China by Bicycle :: April -- October '98

Subject: Some things Tangy
Date: Tue, 22 Sep 1998 22:00:21 -0700

10:22 Baiyinguolieng Binguan, Korla; Xinjiang--China

Way back in Beijing I picked up a book of Tang and Song Dynasty poems. The Tang Dynasty, particularly, can be thought of as the Chinese Renaissance, and the culture's most famous poets wrote its most important poems during this period, fully the equivalents of a Shakespeare, Wilde, Keats, or any other luminary english poet. The problem with the book is in its translation, which should have been apparent from the cover which announces,

Translated and Versified by...
The 'versification' is rather sterile. However, the book provides also the chinese characters accompanied by their pinyin transliterations which makes looking up the words of each stanza something of a simple matter. All that's left is trying to figure out what the heck the literal translation means, and then attempting to interpret the poet's original intention in english, using the book's 'versification' as a guide. I can't promise an accurate translation, just my own interpretation of the often provocative literal translations of the words.

On reflection, maybe I need to voice this more strongly. The two poems which follow must not be considered 'translations' at all. I am not familiar enough with Chinese language, history or culture to be considered even a hack translator. Hell, even if I were a renowned scholar in each of these, translating poetry is not recommended--poets write between the lines, and translators read between lines which poets never wrote. I think it was Frost who said something like:

If I had written into my poems
Everything people have read into them
I would have required twice as long
To write half as much.
Frost also offers another rejoinder against what I am attempting...
Poetry is what is lost in translation. It is also what is lost in interpretaton.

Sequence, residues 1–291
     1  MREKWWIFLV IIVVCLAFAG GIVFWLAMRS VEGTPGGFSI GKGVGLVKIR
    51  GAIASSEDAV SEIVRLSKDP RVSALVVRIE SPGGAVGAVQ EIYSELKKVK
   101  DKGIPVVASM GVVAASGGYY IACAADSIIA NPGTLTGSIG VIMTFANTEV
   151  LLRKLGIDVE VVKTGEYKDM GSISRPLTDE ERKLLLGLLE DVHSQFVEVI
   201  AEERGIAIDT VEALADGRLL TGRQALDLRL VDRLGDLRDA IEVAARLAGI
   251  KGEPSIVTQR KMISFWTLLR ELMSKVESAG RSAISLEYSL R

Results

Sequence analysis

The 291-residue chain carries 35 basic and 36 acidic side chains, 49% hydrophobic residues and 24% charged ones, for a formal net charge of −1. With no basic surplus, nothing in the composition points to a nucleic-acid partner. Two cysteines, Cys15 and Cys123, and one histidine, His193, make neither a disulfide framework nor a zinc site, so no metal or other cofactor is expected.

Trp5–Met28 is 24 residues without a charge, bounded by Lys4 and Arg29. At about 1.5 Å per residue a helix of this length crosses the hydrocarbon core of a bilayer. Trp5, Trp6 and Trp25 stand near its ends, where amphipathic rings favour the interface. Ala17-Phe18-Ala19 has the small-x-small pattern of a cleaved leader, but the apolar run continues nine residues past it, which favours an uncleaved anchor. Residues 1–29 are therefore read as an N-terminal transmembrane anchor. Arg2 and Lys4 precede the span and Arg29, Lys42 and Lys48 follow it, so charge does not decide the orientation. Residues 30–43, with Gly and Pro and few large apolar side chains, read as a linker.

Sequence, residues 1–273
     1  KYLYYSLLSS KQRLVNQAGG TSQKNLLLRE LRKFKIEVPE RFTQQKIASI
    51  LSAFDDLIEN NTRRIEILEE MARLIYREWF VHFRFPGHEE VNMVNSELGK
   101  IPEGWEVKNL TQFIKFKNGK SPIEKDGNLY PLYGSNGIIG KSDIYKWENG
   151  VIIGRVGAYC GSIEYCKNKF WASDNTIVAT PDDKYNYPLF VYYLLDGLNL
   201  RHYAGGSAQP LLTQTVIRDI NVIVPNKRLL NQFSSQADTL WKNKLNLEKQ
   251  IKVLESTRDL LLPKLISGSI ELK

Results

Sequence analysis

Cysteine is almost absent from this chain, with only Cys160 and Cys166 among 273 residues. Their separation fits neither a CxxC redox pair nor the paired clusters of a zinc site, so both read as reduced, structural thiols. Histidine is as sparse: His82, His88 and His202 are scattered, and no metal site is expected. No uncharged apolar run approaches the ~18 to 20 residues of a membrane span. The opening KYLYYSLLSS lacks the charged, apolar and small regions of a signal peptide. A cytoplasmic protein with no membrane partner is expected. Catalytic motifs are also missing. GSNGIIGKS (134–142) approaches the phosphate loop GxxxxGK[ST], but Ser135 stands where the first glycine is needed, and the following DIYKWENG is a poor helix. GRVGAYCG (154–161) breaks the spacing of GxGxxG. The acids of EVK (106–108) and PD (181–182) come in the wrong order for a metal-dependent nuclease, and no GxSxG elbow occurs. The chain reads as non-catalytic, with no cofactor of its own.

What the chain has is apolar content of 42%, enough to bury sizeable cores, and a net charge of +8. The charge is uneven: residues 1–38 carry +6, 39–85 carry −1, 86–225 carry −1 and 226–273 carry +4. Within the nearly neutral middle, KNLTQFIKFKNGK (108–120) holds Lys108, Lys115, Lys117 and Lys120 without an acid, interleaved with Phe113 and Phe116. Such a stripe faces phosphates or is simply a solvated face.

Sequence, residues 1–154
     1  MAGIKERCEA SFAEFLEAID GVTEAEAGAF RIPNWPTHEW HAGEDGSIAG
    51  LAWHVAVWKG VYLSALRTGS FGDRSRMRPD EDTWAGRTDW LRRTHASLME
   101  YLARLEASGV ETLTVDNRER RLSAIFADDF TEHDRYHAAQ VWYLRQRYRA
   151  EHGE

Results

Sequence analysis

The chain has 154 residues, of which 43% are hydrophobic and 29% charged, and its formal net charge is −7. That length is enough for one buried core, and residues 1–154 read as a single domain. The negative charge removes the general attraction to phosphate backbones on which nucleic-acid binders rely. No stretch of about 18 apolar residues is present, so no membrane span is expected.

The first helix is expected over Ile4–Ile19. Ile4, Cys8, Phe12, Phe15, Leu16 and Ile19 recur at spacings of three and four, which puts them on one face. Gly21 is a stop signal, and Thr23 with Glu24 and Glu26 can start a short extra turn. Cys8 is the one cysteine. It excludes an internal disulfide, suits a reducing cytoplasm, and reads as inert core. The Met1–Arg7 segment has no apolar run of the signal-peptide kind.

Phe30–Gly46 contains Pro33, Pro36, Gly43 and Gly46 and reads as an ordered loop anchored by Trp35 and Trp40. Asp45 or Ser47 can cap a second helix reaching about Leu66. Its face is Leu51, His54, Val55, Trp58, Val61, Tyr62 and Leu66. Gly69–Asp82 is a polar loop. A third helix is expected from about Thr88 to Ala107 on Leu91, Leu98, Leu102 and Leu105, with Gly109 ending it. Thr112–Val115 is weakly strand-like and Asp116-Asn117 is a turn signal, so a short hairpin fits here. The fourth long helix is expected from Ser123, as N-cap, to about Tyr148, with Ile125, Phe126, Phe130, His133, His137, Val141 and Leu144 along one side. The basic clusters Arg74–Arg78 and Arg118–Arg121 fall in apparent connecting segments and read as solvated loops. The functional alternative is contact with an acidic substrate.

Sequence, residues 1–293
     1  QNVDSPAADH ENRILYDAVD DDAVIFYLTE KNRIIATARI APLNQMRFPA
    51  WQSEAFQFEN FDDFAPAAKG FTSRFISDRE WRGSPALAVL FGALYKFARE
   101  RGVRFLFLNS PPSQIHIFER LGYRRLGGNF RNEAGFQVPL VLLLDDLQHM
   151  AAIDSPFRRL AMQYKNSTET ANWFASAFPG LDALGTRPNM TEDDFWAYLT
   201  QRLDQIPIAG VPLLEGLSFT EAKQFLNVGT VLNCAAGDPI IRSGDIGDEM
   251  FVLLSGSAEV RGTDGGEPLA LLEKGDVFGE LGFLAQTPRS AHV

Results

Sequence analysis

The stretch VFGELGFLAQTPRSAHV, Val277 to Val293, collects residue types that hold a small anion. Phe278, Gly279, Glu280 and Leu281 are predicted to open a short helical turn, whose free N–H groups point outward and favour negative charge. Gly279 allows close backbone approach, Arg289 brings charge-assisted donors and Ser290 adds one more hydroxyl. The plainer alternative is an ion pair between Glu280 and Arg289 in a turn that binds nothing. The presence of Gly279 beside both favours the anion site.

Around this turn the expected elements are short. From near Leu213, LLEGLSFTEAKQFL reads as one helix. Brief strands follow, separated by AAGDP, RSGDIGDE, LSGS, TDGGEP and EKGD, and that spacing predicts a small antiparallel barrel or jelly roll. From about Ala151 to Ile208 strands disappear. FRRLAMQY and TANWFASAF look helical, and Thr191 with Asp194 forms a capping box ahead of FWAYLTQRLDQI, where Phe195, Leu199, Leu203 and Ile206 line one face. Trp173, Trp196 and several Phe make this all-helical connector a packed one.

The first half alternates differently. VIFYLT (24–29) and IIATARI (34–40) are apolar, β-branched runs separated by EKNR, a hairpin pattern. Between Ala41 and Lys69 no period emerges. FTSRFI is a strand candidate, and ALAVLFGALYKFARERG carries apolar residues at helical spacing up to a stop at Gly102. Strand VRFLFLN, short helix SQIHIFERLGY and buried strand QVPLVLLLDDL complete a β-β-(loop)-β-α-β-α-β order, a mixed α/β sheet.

And yet, I have written two personal interpretations based upon laclustre english translations and the literal translations of the Chinese characters constituting the poem. Still, I wanted to share these ancient, timeless thoughts with you all, but wasn't prepared to just dash off the lifeless translations provided by the book. For an excellent description of the pitfalls of translation, even for professional translators, see the introduction to Stan Rosenthal's Tao Te Ching. While you're there, read Stan's marvellously informative translation of the Tao Te Ching.

Note: the occasional rhyme is happy coincidence.

An interpretation of

Spring River Blossoms on Moonlit Night
Zhang Ruo-xu (fl. 705AD)

Interpretation by Patrick Jennings

Spring river tidewaters swell like the sea.
Bright moon shining, rises with birthling tide.
Green waters roiling, moonbeams in tow,
ox-bow upon ox-bow, ten thousand miles flowing.
Where on spring river is moonlight not glowing?

Spring river weaves its fragrant coils
Through forests of moonlit plum blossom,
Like shimmering refractions through frost-laden glass,
beside the snow-white sand along the river banks.

River and sky merge colours in crystalline light,
Bright, bright moon wheels solitary through the night.
Who by the riverside first knew the moon?
When did moon's rays first illumine man?

Generation upon generation, an unending stream,
Rivermoon unchanging in vision and dream.
Unkown upon whom Rivermoon casts her ray,
But hear the Yangzi carry her water away.

Expansive cloud, snow-white, drifts slowly, slowly,
While green maples pine on Farewell Beach.
What wanderer tonight sails
Across reflected moonbeam tower?

Ah, pity. With tower spire moon aligns.
Did it not see the dressing table of the fair
Through her curtains undrawn?
The maiden washes yet moonbeam stains linger.

Moon's rays presence in her beloved's absence;
She'd pursue the brilliant flow alighting his face.
But the wild swan's flight moonbeams cannot carry,
And the dragon fish leaping, bears no lover's inscription.

In his night-idle dreams: falling flowers.
Sadly spring half-ended and no journey home,
Where river water flows spring will follow; longing exhausted.
River pool declines; moon falls in western recline.

Reclining moon, apathetic, sinks into the mist.
Exhausted are the lover's poems; insurmountable distance between.
At night they ride the moonbeams bright, but homeward how many return?
Sinking moon sheds tears behind riverside trees.
And on the same theme.
An interpretation of

Moon Gaze and Longing
Zhang Jiu-ling (673-740)

Freely interpreted by Patrick Jennings

Birthling moon rises over mother sea;
Worlds apart, we share such moments.
Sweethearts resent the endless night.
In evening's fullness, both rise with the longing.

Extinguish candle; pity light expired.
Awakened, berobed, dewey mist clinging,
I cannot give the moonbeam gift.
Instead, return to bed, and dreams of our joining.

Ummm, not necessarily thematic of my own mood. Separation and longing seem to be particularly favoured themes of Tang poets...

In pursuit of knowledge,
every day something is added.
In the practice of the Tao,
every day something is dropped.
Less and less do you need to force things,
until finally you arrive at non-action.
When nothing is done,
nothing is left undone.

True mastery can be gained
by letting things go their own way.
It can't be gained by interfering.
  graphical element Attributed to Lao Tse
The Tao Te Ching
Chapter 48
trans. Stephen Mitchell